May 17, 2020

REPORT: Glencore Increases Copper, Coal Production in First Half

2 min
REPORT: Glencore Increases Copper, Coal Production in First Half
The worlds largest commodity trader Glencore (LSE:GLEN) recorded a 13 percent increase in copper output to 741,000 tons, in line with market forecasts.C...

The world’s largest commodity trader Glencore (LSE:GLEN) recorded a 13 percent increase in copper output to 741,000 tons, in line with market forecasts.

Coal for the London-listed company also rose in output, increasing five percent to 71.2 million tons thanks in part to the expansion at its Australian mines.

The two metals and minerals have been Glencore’s most profitable assets so far in 2014.

"Second-quarter production was broadly in line with our forecasts. The production profile for the group is weighted towards the second half and we therefore expect volume improvements going forward," Citi analysts said.

Copper output improved primarily by growth at it African and South American mines, including its Mutanda and Katanga mines in the Democratic Republic of Congo and at its Antapaccay mine in Peru. Almost half of the company’s profits come from the red metal.

While copper and coal have performed well for Glencore, output for zinc and nickel has not.

Zinc dropped 11 percent to 650,400 tons in the first-half and nickel production fell eight percent to 49,100 tons.

The dip in nickel production can be contributed to the closure of mines in Australia and the Dominican Republic.

The company’s Koniambo mine in New Caledonia, a multi-billion Greenfield project, produced 4,100 tons of nickel in ferronickel in the first half reporting.

The previous goal for Koniambo was 55,000 tons by 2016. Glencore plans to announce a revised target number for the mine next week.

"The ramp up of Koniambo is still likely to take longer than expected, and could be an incremental downside risk," Nomura analysts said in a note.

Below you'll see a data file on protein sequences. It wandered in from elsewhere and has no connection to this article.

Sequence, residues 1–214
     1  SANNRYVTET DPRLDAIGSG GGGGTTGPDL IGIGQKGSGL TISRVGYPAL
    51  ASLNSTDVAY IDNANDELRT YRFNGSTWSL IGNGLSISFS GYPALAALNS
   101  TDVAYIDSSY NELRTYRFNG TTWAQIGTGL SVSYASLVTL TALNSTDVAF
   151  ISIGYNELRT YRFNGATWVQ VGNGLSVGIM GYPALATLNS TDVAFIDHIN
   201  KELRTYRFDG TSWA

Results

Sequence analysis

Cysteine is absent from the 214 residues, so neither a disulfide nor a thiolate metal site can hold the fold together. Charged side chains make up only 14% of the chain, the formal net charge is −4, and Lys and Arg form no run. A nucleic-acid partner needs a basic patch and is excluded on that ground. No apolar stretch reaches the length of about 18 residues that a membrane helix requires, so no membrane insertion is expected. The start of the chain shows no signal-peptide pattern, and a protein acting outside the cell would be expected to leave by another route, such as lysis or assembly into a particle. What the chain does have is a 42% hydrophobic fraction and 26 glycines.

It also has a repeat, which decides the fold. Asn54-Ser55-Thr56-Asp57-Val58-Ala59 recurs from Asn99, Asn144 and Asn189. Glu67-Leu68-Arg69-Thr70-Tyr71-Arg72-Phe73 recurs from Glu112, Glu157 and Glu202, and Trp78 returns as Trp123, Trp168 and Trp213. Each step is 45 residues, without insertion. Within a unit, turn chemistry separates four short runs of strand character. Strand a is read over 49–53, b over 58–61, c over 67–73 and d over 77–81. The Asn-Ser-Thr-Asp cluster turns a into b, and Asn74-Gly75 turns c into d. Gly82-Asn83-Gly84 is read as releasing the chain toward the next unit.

Shares for Glencore were down 1.2 percent yesterday, in line with a one percent fall in the UK-listed mining sector. 

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Jun 29, 2021

Vale invests $150mn to extend life of Manitoba operations

battery metals
2 min
Vale’s $150mn investment in operations at Thompson, Manitoba will extend mine life by 10 years

Vale has announced a $150mn CAD investment to extend current mining activities in Thompson, Manitoba by 10 years while aggressive exploration drilling of known orebodies holds the promise of mining well past 2040.

Global energy transition is boosting the market for nickel

The Thompson Mine Expansion is a two-phase project. The announcement represents Phase 1 and includes critical infrastructure such as new ventilation raises and fans, increased backfill capacity and additional power distribution. The changes are forecast to improve current production by 30%.

“This is the largest single investment we have made in our Thompson operations in the past two decades,” said Mark Travers, Executive Vice-President for Base Metals with Vale. “It is significant news for our employees, for the Thompson community and for the Province of Manitoba.

“The global movement to electric vehicles, renewable energies and carbon reduction has shone a welcome spotlight on nickel – positioning the metal we mine as a key contributor to a greener future and boosting world demand. We are proud that Thompson can be part of that future and part of the low carbon solution.”

Vale continues drilling program at Manitoba

Coupled with today’s announcement, Vale is continuing an extensive drilling program to further define known orebodies and search for new mineralization.

“This $150mn investment is just one part of our ambitious Thompson turnaround story. It is an indicator of our confidence in a long future for the Thompson operations,” added Dino Otranto, Chief Operating Officer for Vale’s North Atlantic Base Metals operations.

“Active collaboration between our design team, technical services, USW Local 6166, and our entire Thompson workforce has delivered a safe, efficient and fit-for-purpose plan that will enable us to extract the Thompson nickel resources for many years to come.”

The Thompson orebody was first discovered in 1956 by Vale (then known as Inco) following the adoption of new exploration technology and the largest exploration program to-date in the company’s history.  Mining of the Thompson orebody began in 1961.

“We see the lighting of a path forward to a sustainable and prosperous future for Vale Base Metals in Manitoba,” said Gary Annett, General Manager of Vale’s Manitoba Operations.

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